Getting over the world-building hump which gave rise to the scattershot plot that hamstringed its predecessor, this second series of Hakkenden has a more streamlined sense of its own narrative and the sprawling mythological pool it draws from. The story is stitched together from a collection of sketches of Japanese folklore, moving from one to the other and tied together with modern storytelling tropes and motifs. Its thematic jumpiness is reflected in the breakneck pace and the mismatched, yet simultaneously copy-pasted feel of its character designs.
And yet it is a most stylish series, conjuring the MMORPG-cum-anime Blade & Soul, a kindred series that’s its visual equal and shares in some of the same flaws. Many of the lines are fuzzy, weakening the animation quality, but the bishie guys are easy on the eyes, and trying to pick a favourite is like playing a dating sim and trying to decide on best boy. Many of them share the same character model, albeit with a varying hairstyle, yet the wardrobes detached from time and drawing as much from modern garb as traditional styles play to the show’s ethereal standing, affording it the same patchwork folkloric grace as Kamisama Kiss.
In the ongoing quest to gather together the eight bearers of the gems of duty and reawaken Fuse, the wish-bearing princess of legend, the nature of the story invariably means conflict on lots of little points along the way. Coming across other people’s problems can lead to a cluttered plot, detracting from the main story rather than enriching it. Some of these tangents, though, are a welcome and emotional distraction from the main arc which is often incidental. The living god Princess Yana, stuck in her spiritual rut as the spawn point of a regional deity’s killer curse, feeds deep into the series’ themes of liberation, oneness and maturity. Beside it, the introduction of the blind child Kaho and her uncanny powers should be given just as much attention, but she’s left by the wayside, contributing to the wider clutter problem.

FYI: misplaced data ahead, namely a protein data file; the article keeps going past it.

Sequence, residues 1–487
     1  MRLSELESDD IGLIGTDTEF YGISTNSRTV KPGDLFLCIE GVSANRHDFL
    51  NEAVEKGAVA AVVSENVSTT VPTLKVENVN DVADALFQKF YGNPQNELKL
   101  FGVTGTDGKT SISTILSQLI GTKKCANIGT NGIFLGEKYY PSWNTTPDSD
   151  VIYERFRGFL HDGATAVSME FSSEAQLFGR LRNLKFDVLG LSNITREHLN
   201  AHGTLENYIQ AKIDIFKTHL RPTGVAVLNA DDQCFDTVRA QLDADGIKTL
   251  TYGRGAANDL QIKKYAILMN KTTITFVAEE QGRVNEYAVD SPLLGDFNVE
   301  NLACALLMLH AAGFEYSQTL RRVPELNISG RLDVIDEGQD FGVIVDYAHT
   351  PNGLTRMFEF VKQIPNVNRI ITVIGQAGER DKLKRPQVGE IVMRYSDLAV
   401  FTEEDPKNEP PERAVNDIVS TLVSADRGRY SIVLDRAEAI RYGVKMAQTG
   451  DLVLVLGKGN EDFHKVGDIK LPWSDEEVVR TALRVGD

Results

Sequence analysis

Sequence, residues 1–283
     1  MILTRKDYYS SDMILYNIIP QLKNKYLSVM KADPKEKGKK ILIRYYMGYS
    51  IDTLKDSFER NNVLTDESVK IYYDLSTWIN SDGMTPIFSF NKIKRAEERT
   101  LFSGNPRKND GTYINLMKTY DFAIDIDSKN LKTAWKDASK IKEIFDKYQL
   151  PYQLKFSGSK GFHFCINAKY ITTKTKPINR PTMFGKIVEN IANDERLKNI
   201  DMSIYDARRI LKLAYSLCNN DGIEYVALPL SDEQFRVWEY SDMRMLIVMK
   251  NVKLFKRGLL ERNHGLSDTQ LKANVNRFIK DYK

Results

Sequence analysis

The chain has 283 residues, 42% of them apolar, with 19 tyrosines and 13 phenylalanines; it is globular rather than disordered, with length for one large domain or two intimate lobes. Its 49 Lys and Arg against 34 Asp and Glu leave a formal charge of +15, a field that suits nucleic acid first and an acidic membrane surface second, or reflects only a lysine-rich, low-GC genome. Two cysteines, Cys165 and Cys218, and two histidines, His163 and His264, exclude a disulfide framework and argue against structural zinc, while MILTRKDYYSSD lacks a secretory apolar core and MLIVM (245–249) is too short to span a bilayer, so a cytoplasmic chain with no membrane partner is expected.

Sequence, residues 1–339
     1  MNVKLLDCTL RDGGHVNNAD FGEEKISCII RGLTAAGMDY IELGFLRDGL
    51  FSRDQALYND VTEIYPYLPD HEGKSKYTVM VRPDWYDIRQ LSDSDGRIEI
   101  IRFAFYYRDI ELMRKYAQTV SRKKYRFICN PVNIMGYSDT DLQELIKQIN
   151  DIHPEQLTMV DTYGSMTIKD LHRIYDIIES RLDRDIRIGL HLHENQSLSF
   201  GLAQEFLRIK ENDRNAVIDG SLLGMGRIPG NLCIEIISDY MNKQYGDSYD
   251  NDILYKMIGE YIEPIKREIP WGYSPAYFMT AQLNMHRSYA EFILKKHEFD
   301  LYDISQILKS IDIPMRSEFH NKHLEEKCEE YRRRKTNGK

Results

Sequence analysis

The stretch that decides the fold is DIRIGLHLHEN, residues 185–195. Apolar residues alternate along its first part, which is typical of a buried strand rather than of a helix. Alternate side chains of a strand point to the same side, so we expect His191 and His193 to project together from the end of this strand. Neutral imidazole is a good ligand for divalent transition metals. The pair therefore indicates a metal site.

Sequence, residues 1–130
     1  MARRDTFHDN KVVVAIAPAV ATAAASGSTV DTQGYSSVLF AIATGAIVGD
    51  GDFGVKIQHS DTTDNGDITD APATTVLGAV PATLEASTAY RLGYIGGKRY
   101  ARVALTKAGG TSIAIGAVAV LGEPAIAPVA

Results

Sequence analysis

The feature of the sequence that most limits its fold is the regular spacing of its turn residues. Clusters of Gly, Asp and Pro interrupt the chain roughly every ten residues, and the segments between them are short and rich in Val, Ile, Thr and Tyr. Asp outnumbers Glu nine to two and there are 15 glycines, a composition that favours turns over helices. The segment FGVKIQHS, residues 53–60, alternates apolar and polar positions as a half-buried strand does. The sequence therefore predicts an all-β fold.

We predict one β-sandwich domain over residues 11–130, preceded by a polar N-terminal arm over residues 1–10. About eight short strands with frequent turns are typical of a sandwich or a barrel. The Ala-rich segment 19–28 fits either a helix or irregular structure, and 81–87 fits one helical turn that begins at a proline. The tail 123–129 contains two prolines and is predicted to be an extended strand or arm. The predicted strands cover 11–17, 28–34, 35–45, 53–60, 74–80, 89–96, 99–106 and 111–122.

As before, there are tangents that survive only a few episodes, skirting around the central story and leave you feeling peeved or outright confused. The characters themselves aren’t strong enough without the central drive of the story to carry their offshoots, and in this case it’s the English dub that embellishes them with camp humour and some great dirty jokes – it is all a search for balls, after all. The snarky twin-tailed cat Kaede, voiced by David Wald, often steals the scene, not unlike Salem in Sabrina the Teenage Witch.
Even the spirit hunter, Sosuke’s shadow, is more of a distraction considering his theft of his twin’s sight and senses is crucial to the endgame. When the eight dogs discover the priestess princess who killed them, she threatens to pollute Fusehime’s awakening, the shadow usurping Sosuke’s place as her guardian. This story of duality – childhood and adulthood, folklore and normality – even when stilted, is smoothed over by its superior sound design. The wind moves through the sakura branches, and an ancient song touches a subtlety in the subtext that hold its themes up to the light.
For our review of season 1, click here.
English dub; clean opening/closing animation; disc credits; also available from Sentai Filmworks.